Why Unemployment Won’t Be A Big Hurdle For Obama

by gradycarter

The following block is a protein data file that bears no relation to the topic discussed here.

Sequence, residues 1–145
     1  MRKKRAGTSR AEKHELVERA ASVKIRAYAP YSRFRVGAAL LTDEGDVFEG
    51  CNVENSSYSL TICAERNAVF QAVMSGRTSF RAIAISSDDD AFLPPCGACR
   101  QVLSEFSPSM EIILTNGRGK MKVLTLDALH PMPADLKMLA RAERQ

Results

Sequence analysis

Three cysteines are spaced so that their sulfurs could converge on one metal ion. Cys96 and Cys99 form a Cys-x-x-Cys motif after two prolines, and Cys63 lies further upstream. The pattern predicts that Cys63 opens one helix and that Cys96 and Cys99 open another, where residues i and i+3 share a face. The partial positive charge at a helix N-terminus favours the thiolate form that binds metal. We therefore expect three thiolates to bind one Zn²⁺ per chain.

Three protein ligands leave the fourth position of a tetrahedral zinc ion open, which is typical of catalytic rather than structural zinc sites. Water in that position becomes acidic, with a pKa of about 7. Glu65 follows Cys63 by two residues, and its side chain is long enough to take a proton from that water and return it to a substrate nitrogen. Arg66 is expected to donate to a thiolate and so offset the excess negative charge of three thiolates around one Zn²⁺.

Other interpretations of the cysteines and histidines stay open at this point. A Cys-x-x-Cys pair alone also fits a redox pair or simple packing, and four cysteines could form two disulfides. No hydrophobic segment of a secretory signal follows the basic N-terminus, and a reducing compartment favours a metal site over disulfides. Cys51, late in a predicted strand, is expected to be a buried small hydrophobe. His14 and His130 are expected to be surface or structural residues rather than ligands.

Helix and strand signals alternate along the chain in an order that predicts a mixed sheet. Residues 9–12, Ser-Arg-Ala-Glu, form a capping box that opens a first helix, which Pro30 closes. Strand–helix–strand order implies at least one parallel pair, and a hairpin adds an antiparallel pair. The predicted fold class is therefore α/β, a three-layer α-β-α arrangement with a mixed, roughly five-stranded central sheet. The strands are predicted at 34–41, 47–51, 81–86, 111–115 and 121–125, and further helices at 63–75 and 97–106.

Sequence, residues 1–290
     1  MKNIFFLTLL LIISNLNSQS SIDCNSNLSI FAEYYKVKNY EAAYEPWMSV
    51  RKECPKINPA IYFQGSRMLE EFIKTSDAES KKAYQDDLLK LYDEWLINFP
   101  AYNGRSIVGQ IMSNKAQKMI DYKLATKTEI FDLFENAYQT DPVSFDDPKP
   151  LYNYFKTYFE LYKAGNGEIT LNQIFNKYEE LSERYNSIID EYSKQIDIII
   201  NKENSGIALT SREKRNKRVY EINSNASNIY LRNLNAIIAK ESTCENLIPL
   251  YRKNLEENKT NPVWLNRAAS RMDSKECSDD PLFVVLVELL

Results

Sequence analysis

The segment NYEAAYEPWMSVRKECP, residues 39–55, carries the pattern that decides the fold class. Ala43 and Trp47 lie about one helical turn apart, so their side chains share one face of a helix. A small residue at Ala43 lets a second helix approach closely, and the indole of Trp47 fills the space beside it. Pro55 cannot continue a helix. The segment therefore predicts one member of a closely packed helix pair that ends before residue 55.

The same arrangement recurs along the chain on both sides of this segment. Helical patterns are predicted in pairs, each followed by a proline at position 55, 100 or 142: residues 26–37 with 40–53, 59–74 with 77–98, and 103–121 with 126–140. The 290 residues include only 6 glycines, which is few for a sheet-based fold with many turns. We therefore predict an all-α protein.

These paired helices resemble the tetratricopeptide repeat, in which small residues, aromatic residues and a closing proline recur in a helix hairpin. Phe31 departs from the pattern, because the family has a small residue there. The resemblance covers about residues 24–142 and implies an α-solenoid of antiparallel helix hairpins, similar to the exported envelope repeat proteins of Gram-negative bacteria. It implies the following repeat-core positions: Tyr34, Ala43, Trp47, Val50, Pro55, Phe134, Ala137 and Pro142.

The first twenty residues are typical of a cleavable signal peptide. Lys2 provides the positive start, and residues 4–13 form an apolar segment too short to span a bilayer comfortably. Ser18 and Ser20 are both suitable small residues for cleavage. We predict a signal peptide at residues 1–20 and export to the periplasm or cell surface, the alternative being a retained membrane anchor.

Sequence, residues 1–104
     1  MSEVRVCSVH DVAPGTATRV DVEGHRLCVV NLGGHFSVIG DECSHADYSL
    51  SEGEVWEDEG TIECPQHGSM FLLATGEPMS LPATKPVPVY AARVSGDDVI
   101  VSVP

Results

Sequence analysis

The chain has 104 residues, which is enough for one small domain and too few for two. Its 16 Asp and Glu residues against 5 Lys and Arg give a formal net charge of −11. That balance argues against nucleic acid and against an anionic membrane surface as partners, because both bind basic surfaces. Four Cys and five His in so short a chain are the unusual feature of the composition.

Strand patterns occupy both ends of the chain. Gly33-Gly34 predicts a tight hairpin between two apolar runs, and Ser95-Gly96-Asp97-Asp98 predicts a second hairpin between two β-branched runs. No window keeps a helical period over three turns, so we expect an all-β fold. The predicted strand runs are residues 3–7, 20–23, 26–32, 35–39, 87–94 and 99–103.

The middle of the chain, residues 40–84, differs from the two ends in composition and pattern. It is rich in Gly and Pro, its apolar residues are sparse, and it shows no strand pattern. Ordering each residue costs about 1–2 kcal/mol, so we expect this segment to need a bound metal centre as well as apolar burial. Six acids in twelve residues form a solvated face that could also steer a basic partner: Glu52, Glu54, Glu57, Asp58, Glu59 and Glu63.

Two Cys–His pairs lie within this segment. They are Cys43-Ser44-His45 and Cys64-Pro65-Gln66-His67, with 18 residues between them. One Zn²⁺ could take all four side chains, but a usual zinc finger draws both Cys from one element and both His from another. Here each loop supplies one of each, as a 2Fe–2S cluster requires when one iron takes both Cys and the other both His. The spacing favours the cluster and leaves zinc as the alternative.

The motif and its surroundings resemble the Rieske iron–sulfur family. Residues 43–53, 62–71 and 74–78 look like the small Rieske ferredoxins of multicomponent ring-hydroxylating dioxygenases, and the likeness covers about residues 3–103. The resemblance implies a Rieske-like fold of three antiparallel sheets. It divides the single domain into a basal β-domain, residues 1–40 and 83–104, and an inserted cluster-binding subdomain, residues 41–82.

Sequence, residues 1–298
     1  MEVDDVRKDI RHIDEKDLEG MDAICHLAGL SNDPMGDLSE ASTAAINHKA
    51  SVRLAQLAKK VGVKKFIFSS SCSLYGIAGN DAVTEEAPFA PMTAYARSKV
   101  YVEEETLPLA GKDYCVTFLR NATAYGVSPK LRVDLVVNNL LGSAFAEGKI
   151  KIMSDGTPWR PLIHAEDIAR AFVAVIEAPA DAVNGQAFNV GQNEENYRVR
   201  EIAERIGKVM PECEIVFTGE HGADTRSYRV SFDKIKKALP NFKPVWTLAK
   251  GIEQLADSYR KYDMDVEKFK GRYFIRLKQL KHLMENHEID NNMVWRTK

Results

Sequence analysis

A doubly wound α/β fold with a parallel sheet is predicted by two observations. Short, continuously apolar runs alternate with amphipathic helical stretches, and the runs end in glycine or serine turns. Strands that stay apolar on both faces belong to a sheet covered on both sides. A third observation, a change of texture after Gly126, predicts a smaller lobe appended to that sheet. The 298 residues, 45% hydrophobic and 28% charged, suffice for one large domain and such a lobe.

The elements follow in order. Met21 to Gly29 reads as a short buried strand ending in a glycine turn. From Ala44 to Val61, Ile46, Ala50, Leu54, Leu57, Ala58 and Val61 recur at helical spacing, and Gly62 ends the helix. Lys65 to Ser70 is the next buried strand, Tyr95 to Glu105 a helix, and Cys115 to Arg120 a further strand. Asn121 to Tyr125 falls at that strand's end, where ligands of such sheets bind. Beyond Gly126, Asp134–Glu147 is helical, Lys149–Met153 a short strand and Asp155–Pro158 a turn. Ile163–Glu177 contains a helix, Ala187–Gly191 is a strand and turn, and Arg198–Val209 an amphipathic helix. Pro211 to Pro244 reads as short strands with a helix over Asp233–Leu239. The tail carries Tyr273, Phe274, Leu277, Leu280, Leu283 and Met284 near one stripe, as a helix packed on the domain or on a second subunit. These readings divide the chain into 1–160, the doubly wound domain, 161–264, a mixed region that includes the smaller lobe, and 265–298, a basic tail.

For generations one of the most commonly believed “truths” about Presidential Elections has been the level of unemployment (being a measure of people who are looking for work and can’t find it) had an inverse relationship to the likelihood of whether or not the president residing in office (or the candidate from that President’s party) would be (re)elected. While I think that this is still true there is a level of ambiguity that comes with this number due to the people who would be the most likely to change their vote according to this number (meaning someone who has significantly been affected by the rate of unemployment on a personal level) will probably still vote for President Obama. We are talking about minority voters, and female voters. Minorities have much higher rates of unemployment than caucasians, and women (as pointed out by Mitt Romney) have experienced a much higher rate of unemployment than men. While these people have probably experienced this same level of employment disparity during other presidential re-elections this is the first time that they could vote for somebody who didn’t seem to be cut from the same stone – and in a lot of ways President Obama can be criticized for not breaking any molds, but in some very symbolic ways he is different. We will see if his race, demeanor, background, and likeability will be unique enough to get him re-elected, but as of right now it is merely speculation as this will be an election incomparable to any in our 236 year history. Some might be offended by discussion about whether or not something like his race will get him re-elected, but the likely reality of the situation is that it will matter to a lot of voters. And by bringing it up I’m sure that there will be people who have flashbacks to hearing the radio interviews from 2008 with people in Harlem who proved their ignorance when not seeming to recognize that Obama wasn’t running with Sarah Palin as the interviewer asked, an thus showing that they were just voting for Obama because he was black and not due to any serious political calculation. To those of you who know exactly what I’m talking about I want to say that tho would prefer to have a debate about voter ignorance at a later time, this post is more about people trying to make separations in their options, and Obama is still way more relatable and seemingly different. This is of course just my opinion from all that I’ve observed from my very normal life, but I just think that the unemployment rate will not matter in this campaign as much as it normally would – and to what degree things will be different I’m not sure, but President Obama will still seem like a change candidate (especially if Mitt Romney continues to run a campaign that resembles something so ideologically close to President Bush II). What do you think: will Unemployment affect this presidential election like it has all previous elections where the president has been trying to get re-elected? Or will people be voting by likeability/the still seemingly less usual?